Latin American leaders recall ambassadors to Venezuela over vote
Venezuelan President Nicolas Maduro was re-elected as president on Sunday in an election marred by controversy.
A bloc of countries from the Americas monitoring the political crisis in Venezuela has said that its 14 members would recall their ambassadors to protest against what it said was Venezuela’s failure to hold a “free and fair” election.
In a statement issued on Monday, the Lima Group said the members’ representatives in the Venezuelan capital, Caracas, would return to their respective countries for consultations.
The bloc consists of Argentina, Brazil, Canada, Chile, Colombia, Costa Rica, Guatemala, Guyana, Honduras, Mexico, Panama, Paraguay, Peru and Saint Lucia.
Members have also summoned Venezuelan ambassadors to their countries and agreed to downgrade diplomatic relations with Maduro’s government, the statement said.
US President Donald Trump also took action on Monday, signing an executive order restricting Maduro’s government from selling off, or borrowing against, public assets.
“We call for the Maduro regime to restore democracy, hold free and fair elections, release all political prisoners immediately and unconditionally, and end the repression and economic deprivation of the Venezuelan people,” Trump said in a statement.
‘We are the force of history’
Maduro was re-elected as Venezuela’s president on Sunday in an election marred by low turnout, a boycott by the main opposition and allegations from rival candidates of several voting irregularities.
The 55-year-old won 5.8 million votes in Sunday’s election, 4 million more than second-placed Henri Falcon, an independent candidate.
Turnout for the single-round vote was about 46 percent, according to Venezuela’s National Electoral Council (CNE), significantly lower than the 80 percent recorded during the country’s last presidential election in 2013.
About 20 million people were eligible to participate in the ballot.
Maduro hailed his win as a victory against “imperialism”, accused rivals of “underestimating” him and said a presidential candidate had “never before … taken 68 percent of the popular vote”.
“We are the force of history turned into a permanent popular victory,” he said on Sunday evening in the Venezuelan capital, Caracas, following the announcement of results.
But Falcon called for a new vote, alleging the election was illegitimate.
“We do not recognise this electoral process as valid,” he told local media. “There must be new elections in Venezuela.”
Claudio Fermin, Falcon’s campaign chief, said his team documented more than 900 cases of voting irregularities, including the widespread placement of pro-government stands outside polling stations.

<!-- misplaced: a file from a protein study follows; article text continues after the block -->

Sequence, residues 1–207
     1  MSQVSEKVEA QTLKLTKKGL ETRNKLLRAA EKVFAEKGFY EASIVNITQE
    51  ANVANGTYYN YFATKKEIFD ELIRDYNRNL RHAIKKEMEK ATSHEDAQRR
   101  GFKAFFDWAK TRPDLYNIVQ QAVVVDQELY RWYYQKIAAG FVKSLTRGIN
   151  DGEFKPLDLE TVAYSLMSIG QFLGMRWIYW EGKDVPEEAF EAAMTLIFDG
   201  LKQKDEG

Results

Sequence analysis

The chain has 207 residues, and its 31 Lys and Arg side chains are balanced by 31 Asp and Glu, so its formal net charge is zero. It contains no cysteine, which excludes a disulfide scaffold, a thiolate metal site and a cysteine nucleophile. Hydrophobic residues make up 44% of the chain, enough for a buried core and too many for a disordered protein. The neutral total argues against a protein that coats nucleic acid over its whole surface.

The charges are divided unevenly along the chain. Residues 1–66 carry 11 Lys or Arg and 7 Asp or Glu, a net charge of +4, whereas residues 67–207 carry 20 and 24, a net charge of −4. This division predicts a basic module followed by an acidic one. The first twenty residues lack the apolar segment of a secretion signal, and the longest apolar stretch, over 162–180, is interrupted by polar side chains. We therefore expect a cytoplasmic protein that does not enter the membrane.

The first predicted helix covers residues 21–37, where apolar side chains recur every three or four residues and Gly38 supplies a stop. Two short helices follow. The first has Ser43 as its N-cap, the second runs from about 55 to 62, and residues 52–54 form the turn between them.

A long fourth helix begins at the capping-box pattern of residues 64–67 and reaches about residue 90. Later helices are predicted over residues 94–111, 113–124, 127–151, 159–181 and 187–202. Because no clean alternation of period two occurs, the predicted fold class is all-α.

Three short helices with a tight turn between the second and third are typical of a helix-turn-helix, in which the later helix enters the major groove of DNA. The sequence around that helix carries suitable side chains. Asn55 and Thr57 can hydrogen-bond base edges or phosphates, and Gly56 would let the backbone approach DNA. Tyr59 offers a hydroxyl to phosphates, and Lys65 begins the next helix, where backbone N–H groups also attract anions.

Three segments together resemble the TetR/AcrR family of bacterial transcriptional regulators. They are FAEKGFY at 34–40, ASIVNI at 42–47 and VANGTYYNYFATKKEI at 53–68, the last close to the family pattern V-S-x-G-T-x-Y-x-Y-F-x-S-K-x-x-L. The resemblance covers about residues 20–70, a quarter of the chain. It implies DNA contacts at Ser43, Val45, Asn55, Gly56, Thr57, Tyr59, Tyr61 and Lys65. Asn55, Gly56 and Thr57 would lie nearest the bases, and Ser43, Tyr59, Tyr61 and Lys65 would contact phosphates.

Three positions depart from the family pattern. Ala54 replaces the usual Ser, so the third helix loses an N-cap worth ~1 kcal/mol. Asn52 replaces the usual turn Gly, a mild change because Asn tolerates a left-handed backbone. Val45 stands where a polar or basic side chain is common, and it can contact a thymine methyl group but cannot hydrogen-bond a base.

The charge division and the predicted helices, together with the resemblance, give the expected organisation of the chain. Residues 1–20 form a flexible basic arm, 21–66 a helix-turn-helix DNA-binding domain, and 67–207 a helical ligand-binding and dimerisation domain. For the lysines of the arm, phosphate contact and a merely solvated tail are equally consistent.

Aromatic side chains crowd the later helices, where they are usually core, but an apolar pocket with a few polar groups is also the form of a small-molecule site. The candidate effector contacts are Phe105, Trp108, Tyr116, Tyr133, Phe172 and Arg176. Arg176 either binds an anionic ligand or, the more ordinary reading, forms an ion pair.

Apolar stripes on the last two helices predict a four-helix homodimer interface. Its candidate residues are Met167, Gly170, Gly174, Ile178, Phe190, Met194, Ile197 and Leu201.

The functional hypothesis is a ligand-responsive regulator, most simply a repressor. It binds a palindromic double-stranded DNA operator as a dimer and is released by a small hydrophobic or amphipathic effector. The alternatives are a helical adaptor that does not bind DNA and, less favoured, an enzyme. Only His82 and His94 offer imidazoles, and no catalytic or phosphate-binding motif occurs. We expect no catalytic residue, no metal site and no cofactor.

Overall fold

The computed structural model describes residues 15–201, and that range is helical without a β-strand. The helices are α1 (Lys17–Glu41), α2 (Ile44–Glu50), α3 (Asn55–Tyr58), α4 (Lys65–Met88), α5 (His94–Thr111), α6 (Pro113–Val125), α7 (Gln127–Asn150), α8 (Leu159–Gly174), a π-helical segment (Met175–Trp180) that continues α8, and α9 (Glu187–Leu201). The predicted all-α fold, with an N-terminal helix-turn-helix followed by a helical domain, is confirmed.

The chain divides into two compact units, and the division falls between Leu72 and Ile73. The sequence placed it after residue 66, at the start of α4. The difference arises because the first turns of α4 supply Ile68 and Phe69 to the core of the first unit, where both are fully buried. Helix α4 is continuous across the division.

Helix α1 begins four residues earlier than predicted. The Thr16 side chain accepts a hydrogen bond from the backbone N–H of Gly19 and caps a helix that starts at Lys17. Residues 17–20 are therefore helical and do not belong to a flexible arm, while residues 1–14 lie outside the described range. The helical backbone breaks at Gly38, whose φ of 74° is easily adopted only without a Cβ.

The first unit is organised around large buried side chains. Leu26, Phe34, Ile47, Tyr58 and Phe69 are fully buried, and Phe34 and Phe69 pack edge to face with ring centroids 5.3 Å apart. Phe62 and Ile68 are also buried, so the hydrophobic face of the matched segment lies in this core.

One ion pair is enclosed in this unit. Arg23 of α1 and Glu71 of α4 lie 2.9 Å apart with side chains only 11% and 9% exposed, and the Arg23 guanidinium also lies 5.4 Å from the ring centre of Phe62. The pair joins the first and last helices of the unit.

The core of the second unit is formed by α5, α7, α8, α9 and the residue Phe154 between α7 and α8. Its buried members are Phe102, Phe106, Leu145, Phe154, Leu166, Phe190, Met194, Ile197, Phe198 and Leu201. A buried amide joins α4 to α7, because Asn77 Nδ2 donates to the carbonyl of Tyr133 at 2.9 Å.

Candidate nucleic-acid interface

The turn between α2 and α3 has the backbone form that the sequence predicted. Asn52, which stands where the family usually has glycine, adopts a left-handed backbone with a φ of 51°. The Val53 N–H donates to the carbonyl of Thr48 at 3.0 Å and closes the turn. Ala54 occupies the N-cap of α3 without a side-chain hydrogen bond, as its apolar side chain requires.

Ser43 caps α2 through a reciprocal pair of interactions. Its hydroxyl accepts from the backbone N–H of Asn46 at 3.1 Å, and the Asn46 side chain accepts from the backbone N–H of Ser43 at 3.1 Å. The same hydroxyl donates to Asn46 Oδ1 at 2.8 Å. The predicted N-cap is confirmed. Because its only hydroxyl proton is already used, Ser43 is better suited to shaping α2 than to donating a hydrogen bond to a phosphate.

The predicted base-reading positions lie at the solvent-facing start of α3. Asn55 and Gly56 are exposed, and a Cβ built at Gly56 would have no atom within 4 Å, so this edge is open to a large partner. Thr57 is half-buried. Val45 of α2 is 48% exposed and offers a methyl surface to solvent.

Venezuela’s main opposition coalition, the Democratic Unity Roundtable (MUD), boycotted the election, while Maduro’s two most popular rivals, Henrique Capriles and Leopoldo Lopez, were barred from running.
The country’s opposition has appeared deeply divided in recent months, with fractures highlighted by members of the MUD accepting the results of regional elections in October last year, which resulted in Capriles breaking away from the coalition.
Many MUD supporters viewed the swearing-in of four coalition politicians as state governors within the Constituent Assembly as being contrary to MUD’s denial of the body’s legitimacy.
‘Deepening political crisis’
Sunday’s vote came against the backdrop of a political and financial crisis, with more than 100 people killed in protests throughout 2017 amid growing discontent over biting hyperinflation and food and medicine shortages.
In its statement, the Lima Group said Venezuela’s electoral process had not complied with “international standards” and expressed concern over the “deepening political, economic, social and humanitarian crisis” unfolding in the country.
“[This crisis] is reflected in the massive migration of Venezuelans who arrive in our countries in difficult conditions and in the loss of democratic institutions, the rule of law and the lack of guarantees and political freedoms of citizens,” the group’s statement said.
The number of Venezuelan nationals abroad increased from almost 700,000 to more than 1.6 million between 2015 and 2017, according to the International Organization for Migration.
The Lima Group, which was formed in August 2017, will convene for a high-level meeting next month in Peru to address the migration issue.
Meanwhile, US Secretary of State Mike Pompeo said the “sham elections” had changed nothing in a post on Twitter on Sunday.
Watching #Venezuela today. Sham elections change nothing. We need Venezuelan people running this country…a nation with so much to offer the world. We call on the government to free #JoshHolt
— Secretary Pompeo (@SecPompeo) May 20, 2018
A senior US official told The Associated Press on Sunday that Trump’s administration was considering imposing crippling oil sanctions on Venezuela, potentially adding to the sweeping sanctions already imposed on the country by Washington.
Oil revenues account for about 95 percent of Venezuela’s export earnings, according to the Organization of the Petroleum Exporting Countries (OPEC).
Maduro has accused the US and its allies of waging “economic war” on Venezuela, saying the measures imposed by Washington were an attempt to force Venezuela to default on its debt.
The country’s gross domestic product (GDP) has dropped by 45 percent since Maduro took office, according to the International Monetary Fund (IMF).